Michael – Good points, my contention that brokers will not actually opt out. (Because I think it is a LOT less about quality of site showing the listings than it is about sticking it to a competitor.) Consider how many brokers currently syndicate via Listhub or one of the other major syndication engines. They send their listings to heaven knows where right now. Places that they have never seen let alone looked at the data quality of. They are not going to opt out of the entire thing and then back into four or five select places because their competitor will then use that as a listing tool against them. (He only send your listing out to 5 sites while “I” send it EVERYWHERE–followed quickly by “sign here”). While I agree with your second that it “should” be encouraged by syndication…in truth how many brokers will actually do that and defend their choice NOT to send syndicated data out to this site or that? Very few if any. It is too easy to say “Everywhere”. Thoughts?

  3. Michael Wurzer October 24th, 2011 9:38 am

    Given the very strenuous debate over franchisors receiving IDX versus becoming syndication destinations, I think it’s pretty clear that some very major brokers will in fact opt out if “everywhere” includes destinations they don’t like.

  4. Sean Purcell October 24th, 2011 3:24 pm

    Eric, I have read your post twice now, as well as Notorious R.O.B.’s (a favorite of mine too). I also went back through some of his links as well. It is a credit to how well you both write, that I believe I now understand something approaching 50% of what you guys are talking about. 🙂

    Having said that, here’s the thought that keeps coming back to me: This has very little to do with the Mission of being a real estate agent, and a whole lot to do with the Business of being a real estate agent. (In other words: Selling Homes vs marketing for leads.)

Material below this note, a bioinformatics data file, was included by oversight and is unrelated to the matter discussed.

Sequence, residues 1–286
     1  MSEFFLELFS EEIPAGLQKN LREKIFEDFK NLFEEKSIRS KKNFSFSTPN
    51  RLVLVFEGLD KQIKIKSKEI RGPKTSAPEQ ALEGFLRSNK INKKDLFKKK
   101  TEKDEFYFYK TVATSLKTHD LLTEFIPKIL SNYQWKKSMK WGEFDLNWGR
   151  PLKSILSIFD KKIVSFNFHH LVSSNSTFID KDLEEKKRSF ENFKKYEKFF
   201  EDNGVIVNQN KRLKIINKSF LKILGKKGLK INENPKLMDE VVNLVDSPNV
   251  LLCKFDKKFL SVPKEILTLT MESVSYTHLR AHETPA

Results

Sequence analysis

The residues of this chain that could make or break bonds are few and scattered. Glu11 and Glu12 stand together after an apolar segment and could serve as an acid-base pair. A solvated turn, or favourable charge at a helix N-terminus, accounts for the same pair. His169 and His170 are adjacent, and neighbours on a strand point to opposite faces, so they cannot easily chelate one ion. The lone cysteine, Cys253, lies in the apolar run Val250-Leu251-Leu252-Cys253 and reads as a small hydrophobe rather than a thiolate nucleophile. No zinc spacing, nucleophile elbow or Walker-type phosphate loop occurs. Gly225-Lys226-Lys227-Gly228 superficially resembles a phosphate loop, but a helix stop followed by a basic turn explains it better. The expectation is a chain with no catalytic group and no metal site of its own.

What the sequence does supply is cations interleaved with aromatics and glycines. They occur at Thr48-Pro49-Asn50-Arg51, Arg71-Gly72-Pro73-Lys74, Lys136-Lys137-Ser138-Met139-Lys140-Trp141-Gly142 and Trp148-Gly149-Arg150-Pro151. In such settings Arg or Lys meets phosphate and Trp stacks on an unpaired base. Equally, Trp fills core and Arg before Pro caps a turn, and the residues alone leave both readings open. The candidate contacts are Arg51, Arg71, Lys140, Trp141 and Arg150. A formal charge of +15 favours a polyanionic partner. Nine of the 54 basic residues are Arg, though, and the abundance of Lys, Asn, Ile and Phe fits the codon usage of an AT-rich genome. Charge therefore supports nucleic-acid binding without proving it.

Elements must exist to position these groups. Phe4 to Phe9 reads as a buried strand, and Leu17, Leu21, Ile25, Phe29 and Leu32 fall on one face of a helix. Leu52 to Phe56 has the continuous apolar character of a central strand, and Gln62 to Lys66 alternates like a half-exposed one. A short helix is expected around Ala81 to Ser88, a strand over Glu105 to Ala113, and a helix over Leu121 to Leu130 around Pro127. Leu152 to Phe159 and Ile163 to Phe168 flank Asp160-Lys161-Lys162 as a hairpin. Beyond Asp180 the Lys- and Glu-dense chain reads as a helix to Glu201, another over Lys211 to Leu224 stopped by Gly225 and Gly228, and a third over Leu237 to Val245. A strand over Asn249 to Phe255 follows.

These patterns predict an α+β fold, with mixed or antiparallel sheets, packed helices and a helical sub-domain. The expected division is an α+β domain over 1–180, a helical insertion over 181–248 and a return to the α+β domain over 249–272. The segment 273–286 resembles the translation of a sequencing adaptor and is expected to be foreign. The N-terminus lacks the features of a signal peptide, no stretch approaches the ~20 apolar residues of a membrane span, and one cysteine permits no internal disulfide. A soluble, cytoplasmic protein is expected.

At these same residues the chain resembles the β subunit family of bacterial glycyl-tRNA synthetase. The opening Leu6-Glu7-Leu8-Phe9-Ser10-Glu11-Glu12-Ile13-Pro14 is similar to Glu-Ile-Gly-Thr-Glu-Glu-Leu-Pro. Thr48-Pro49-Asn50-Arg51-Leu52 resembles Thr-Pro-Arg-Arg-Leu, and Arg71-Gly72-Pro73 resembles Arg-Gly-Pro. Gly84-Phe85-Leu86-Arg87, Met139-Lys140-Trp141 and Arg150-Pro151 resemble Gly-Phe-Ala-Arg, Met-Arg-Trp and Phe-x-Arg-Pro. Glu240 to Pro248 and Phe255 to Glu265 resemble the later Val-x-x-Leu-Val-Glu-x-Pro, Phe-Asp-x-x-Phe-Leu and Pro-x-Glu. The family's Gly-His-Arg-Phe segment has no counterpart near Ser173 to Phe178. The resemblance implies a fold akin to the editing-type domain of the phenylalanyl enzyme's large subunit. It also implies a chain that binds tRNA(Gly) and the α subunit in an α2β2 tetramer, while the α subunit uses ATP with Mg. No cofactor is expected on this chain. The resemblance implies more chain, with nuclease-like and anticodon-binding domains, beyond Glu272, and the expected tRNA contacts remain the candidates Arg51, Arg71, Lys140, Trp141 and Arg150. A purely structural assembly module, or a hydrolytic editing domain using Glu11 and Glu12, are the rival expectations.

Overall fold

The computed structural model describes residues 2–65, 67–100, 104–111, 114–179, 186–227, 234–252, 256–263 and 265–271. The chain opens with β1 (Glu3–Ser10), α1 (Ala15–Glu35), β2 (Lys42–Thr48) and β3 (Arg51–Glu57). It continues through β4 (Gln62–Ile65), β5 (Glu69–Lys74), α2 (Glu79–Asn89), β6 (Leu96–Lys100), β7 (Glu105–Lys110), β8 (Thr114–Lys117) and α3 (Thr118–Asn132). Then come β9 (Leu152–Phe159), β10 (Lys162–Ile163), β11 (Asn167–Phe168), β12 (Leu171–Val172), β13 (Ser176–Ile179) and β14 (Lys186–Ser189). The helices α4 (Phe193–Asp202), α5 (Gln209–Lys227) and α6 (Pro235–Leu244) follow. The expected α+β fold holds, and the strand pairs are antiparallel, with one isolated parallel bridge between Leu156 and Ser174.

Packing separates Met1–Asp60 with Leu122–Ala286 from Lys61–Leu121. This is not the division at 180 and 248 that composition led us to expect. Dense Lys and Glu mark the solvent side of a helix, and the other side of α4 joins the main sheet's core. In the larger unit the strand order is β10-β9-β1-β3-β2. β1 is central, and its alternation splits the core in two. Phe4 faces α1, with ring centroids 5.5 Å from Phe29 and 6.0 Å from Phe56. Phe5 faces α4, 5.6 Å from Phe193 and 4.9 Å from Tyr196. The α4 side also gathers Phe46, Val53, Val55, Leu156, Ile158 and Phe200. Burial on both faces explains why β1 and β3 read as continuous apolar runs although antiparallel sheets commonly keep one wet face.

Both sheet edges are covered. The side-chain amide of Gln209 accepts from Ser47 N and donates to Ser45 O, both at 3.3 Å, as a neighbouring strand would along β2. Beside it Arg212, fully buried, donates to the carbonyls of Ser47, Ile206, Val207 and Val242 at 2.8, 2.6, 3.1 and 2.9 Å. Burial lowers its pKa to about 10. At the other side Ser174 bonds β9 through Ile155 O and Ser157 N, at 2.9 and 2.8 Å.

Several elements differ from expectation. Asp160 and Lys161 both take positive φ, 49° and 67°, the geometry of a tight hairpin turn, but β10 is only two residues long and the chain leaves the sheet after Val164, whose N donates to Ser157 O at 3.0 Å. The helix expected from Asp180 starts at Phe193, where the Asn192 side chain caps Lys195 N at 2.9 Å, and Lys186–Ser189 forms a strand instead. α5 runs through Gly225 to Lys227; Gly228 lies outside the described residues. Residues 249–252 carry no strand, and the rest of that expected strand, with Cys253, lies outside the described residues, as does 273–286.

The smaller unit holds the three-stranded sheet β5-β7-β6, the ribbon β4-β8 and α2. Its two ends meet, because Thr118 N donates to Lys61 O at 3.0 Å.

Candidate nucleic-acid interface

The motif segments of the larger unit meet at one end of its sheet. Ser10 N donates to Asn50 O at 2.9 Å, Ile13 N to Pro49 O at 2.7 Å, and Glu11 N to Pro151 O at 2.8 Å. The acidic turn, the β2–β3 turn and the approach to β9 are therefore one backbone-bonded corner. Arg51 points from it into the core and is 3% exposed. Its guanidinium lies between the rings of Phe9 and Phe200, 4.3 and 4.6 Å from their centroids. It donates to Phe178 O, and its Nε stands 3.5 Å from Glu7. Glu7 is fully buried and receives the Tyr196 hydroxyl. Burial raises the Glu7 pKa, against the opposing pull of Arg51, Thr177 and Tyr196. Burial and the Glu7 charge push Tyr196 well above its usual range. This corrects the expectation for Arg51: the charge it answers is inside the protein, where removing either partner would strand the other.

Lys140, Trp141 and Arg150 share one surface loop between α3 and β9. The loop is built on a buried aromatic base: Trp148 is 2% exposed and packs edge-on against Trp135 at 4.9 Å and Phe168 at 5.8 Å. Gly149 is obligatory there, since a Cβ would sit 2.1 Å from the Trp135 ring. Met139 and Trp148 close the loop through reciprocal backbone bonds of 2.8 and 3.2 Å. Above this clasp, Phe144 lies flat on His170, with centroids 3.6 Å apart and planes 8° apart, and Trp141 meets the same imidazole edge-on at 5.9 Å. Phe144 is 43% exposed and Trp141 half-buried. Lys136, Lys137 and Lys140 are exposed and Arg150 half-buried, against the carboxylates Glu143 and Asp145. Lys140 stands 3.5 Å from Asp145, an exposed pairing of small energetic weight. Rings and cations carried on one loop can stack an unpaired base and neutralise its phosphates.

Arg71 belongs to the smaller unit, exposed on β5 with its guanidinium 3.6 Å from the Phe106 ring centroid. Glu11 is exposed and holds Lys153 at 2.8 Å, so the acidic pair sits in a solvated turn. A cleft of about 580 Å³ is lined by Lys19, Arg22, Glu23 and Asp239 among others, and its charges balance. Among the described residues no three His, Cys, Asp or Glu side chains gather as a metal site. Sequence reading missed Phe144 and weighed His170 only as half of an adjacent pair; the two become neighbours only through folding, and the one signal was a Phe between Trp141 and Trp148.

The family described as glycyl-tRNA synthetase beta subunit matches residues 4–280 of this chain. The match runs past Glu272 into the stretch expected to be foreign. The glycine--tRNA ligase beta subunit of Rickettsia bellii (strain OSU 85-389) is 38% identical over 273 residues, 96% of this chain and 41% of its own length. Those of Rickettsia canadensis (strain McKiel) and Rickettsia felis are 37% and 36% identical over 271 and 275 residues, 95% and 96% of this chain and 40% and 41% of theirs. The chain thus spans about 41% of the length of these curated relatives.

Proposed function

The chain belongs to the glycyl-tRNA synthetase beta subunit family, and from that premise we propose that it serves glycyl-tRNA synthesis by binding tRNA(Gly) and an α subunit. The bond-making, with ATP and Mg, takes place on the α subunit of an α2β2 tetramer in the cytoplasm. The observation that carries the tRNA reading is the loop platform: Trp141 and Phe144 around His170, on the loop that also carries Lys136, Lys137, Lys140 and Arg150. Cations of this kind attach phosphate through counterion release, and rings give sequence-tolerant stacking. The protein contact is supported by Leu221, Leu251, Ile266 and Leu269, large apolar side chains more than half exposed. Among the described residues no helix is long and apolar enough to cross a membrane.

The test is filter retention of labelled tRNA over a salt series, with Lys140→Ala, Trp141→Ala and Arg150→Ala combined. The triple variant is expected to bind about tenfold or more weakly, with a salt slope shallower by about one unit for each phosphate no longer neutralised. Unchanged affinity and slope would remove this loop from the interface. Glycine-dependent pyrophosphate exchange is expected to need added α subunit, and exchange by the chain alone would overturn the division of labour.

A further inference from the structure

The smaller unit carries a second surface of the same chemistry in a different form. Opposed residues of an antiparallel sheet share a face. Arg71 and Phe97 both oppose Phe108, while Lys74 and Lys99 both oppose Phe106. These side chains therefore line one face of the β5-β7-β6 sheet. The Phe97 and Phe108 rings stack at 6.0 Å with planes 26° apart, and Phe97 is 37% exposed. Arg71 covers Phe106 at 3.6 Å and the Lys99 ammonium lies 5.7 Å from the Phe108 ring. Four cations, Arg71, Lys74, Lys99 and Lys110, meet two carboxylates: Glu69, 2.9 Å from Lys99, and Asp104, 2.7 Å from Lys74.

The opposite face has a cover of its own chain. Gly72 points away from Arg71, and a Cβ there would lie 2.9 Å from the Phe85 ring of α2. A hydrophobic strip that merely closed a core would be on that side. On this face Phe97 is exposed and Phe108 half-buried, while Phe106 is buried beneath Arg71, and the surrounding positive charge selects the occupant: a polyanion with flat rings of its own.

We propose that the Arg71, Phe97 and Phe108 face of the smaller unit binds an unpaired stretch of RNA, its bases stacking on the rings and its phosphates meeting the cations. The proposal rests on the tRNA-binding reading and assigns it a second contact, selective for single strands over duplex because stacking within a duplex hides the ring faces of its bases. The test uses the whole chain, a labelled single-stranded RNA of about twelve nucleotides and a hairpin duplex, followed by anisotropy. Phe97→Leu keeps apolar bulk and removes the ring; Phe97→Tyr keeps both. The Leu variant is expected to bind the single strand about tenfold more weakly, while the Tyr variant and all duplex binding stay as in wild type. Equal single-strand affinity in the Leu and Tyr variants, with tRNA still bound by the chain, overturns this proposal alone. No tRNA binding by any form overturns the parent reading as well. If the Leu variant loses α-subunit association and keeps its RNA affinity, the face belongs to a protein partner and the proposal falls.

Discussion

I naively say this from the perspective of a listing agent who understands his job is to actually, you know, sell the house he has listed! So I’m not interested in creating leads or selling leads or driving traffic or leading traffic or trafficking in leading drives or whatever. I’m interested in selling my clients’ home. Toward that end, I would like to make it findable, yes? The MLS has been the main provider of that service and it has been provided with all the efficiency and innovation one expects from a sclerotic, backward looking (is that oxymoronic?) monopoly.

    I would much rather other agents (and their clients) found my listing on the internet directly, wouldn’t I? In a perfect world (one without MLS altogether) the aggregators’ (and the franchisors’) display of my listing would include a link that leads to my site. And if it’s not a perfect world, and they scrape my data (my copyrighted data), without a link, they still can’t do nearly the job I can do with that data. Without MLS, I wouldn’t be concerned that an aggregator (or a franchisor or anyone else) could link to more info.

    All they can do, whether Zillow or Coldwell Banker, is collect leads (good, more power to them). They might whet someone’s appetite for my listing. But thus intrigued, most people are savvy enough to scroll down past the first 3 or 6 or 10 big name url’s and get to my “123 Main Street” url (a al Greg Swann’s breadcrumb theory).

    This comment has already gone too long. I’ll wrap it up with this observation: the internet is an uneven playing field… and that’s good. We sometimes used to refer to that as “competition.” And I know I can put together a single site that blows away most other agents and ALL other aggregator / franchisor lead generator thing-a-ma-bobs.

    So, is this accurate? Is this whole tempest in a turdpot a clash between people who want to generate leads they can sell to agents who don’t know how to generate their own leads, and people who want to generate leads they can give to agents whom they’ve already sold (on desk fees and national marketing splits and so forth)?

  5. Eric Blackwell October 26th, 2011 9:26 am

    Yep. That is about the EXACT size of it. 😉

  6. Wayne October 27th, 2011 6:44 am

    Sean… I think your comment is right on target.. Very well said and a very interesting post Eric. I will be following the comments and EricOnSearch posts.

  7. […] just last week I bragged in a Comment on Eric Blackwell’s NAR, IDX, Franchisors post ”I know I can put together a single site that blows away most other agents and ALL […]

  8. Barry Bridges November 18th, 2011 7:18 am

    It is our job to get our clients property sold. That should include every site possible.( With the clients permission ) It may be your business plan to get both sides but that is not your duty. I love having my listings on other brokers sites. I love having other agents sell my listings.